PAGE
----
The genomic landscape of response to EGFR blockade in colorectal cancer

Journal name:
Nature
Volume:
526,
Pages:
263–267
Date published:
DOI:
doi:10.1038/nature14969
Received
Accepted
Published online

Colorectal cancer is the third most common cancer worldwide, with 1.2 million patients diagnosed annually. In late-stage colorectal cancer, the most commonly used targeted therapies are the monoclonal antibodies cetuximab and panitumumab, which prevent epidermal growth factor receptor (EGFR) activation1. Recent studies have identified alterations in KRAS2, 3, 4 and other genes5, 6, 7, 8, 9, 10, 11, 12, 13 as likely mechanisms of primary and secondary resistance to anti-EGFR antibody therapy. Despite these efforts, additional mechanisms of resistance to EGFR blockade are thought to be present in colorectal cancer and little is known about determinants of sensitivity to this therapy. To examine the effect of somatic genetic changes in colorectal cancer on response to anti-EGFR antibody therapy, here we perform complete exome sequence and copy number analyses of 129 patient-derived tumour grafts and targeted genomic analyses of 55 patient tumours, all of which were KRAS wild-type. We analysed the response of tumours to anti-EGFR antibody blockade in tumour graft models and in clinical settings and functionally linked therapeutic responses to mutational data. In addition to previously identified genes, we detected mutations in ERBB2, EGFR, FGFR1, PDGFRA, and MAP2K1 as potential mechanisms of primary resistance to this therapy. Novel alterations in the ectodomain of EGFR were identified in patients with acquired resistance to EGFR blockade. Amplifications and sequence changes in the tyrosine kinase receptor adaptor gene IRS2 were identified in tumours with increased sensitivity to anti-EGFR therapy. Therapeutic resistance to EGFR blockade could be overcome in tumour graft models through combinatorial therapies targeting actionable genes. These analyses provide a systematic approach to evaluating response to targeted therapies in human cancer, highlight new mechanisms of responsiveness to anti-EGFR therapies, and delineate new avenues for intervention in managing colorectal cancer.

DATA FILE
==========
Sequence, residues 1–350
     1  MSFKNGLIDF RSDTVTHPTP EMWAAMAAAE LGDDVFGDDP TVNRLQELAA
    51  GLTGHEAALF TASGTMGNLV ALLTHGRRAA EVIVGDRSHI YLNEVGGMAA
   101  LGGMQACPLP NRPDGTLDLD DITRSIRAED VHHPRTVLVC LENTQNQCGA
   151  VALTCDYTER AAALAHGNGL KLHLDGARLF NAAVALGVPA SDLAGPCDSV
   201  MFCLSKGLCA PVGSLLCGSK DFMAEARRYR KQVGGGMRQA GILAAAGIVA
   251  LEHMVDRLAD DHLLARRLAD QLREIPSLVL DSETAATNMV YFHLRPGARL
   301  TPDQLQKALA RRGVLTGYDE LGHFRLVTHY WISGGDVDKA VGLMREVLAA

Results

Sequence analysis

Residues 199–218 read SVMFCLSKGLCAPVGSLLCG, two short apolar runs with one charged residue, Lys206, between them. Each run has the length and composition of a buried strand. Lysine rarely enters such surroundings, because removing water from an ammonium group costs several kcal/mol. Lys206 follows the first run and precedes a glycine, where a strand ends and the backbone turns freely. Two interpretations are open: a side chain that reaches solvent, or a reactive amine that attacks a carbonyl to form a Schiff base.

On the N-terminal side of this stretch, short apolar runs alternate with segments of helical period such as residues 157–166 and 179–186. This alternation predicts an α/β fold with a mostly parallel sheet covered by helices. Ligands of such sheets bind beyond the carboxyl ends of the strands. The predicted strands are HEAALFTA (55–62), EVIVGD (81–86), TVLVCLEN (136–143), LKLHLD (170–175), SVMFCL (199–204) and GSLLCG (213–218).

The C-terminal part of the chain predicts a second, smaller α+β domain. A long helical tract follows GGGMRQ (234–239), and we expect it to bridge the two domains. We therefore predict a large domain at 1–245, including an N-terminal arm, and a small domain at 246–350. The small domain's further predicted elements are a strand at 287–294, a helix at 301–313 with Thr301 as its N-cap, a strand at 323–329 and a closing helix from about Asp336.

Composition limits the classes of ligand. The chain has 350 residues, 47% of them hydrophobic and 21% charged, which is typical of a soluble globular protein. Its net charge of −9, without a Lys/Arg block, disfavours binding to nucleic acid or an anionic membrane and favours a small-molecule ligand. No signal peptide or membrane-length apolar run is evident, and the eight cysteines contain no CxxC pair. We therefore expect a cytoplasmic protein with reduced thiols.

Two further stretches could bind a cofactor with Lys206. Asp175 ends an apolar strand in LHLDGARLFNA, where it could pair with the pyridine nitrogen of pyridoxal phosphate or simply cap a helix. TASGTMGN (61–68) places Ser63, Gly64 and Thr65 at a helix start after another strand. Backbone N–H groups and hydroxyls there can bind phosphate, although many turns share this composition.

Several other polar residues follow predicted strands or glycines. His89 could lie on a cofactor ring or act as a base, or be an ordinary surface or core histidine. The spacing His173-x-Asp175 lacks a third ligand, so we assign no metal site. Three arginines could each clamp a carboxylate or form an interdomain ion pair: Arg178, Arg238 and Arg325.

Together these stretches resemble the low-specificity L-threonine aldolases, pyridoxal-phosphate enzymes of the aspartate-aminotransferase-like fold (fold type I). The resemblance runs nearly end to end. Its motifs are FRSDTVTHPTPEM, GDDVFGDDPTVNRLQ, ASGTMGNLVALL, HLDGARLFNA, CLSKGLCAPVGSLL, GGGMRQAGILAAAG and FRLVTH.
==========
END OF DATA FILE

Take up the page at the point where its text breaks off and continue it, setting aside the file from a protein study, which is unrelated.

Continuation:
At a glance

Figures

  1. Schematic diagram of integrated genomic and therapeutic analyses.
    Figure 1: Schematic diagram of integrated genomic and therapeutic analyses.

    To examine the effect of genomic alterations on sensitivity to anti-EGFR blockade, we performed whole-exome and copy-number analyses of 129 early-passage tumour grafts and targeted analyses of 55 tumours from patients, all of which were KRAS wild-type (top). Twenty-two of the tumour grafts were from patients who had been previously treated with anti-EGFR therapy. One hundred and sixteen of these tumour grafts were evaluated for response to cetuximab in preclinical therapeutic trials (bottom left). Integration of genomic and therapeutic information was used to identify candidate resistance and response genes, and to design preclinical trials using novel compounds to overcome resistance to EGFR blockade (bottom right).

  2. Effect of cetuximab treatment on growth of colorectal tumours with different somatic alterations.
    Figure 2: Effect of cetuximab treatment on growth of colorectal tumours with different somatic alterations.

    Waterfall plot of tumour volume changes after cetuximab treatment, compared with baseline, in 116 KRAS wild-type tumour grafts. Alterations related to therapeutic resistance or sensitivity are shown in the indicated colours (complete lists of alterations are in Supplementary Tables 3, 4 and 6). For the following genes, a subset of alterations is indicated: MET amplification; FGFR1 amplification; PDGFRA kinase domain mutations; BRAF V600 hotspot mutations; PTEN homozygous deletion or truncating mutations; PIK3CA exon 20 mutations; EGFR ecto- and kinase domain mutations and amplifications. The maximum threshold for tumour growth was set at 200%.

  3. Genetic alterations involved in secondary resistance to anti-EGFR therapy.
    Figure 3: Genetic alterations involved in secondary resistance to anti-EGFR therapy.

    a, The locations of mutations in EGFR ectodomain are shown including G465 (red) and the S492 residue known to confer cetuximab resistance11 (yellow). b, Evolution of EGFR mutations in two CRCs with acquired resistance to cetuximab. Cetuximab-naive samples were sequenced to investigate the presence of EGFR G465 mutations (red) before treatment. For each sample, the fraction of mutant tags is indicated. Met, metastases. c, As a control for tumour cellularity, for each lesion the fraction of TP53 mutant reads (vertical axis) was plotted against the fraction of reads with EGFR ectodomain mutations (horizontal axis).

  4. Therapeutic intervention in preclinical trials to overcome resistance to anti-EGFR antibody blockade.